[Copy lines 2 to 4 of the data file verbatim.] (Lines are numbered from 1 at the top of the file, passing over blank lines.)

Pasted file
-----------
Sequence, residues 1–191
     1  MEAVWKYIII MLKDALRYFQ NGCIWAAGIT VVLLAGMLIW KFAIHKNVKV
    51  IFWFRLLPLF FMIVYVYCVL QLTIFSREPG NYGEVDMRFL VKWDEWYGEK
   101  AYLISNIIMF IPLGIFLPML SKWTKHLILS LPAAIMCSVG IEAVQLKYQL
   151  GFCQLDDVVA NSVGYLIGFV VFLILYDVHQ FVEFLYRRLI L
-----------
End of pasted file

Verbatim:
     1  MEAVWKYIII MLKDALRYFQ NGCIWAAGIT VVLLAGMLIW KFAIHKNVKV
    51  IFWFRLLPLF FMIVYVYCVL QLTIFSREPG NYGEVDMRFL VKWDEWYGEK
   101  AYLISNIIMF IPLGIFLPML SKWTKHLILS LPAAIMCSVG IEAVQLKYQL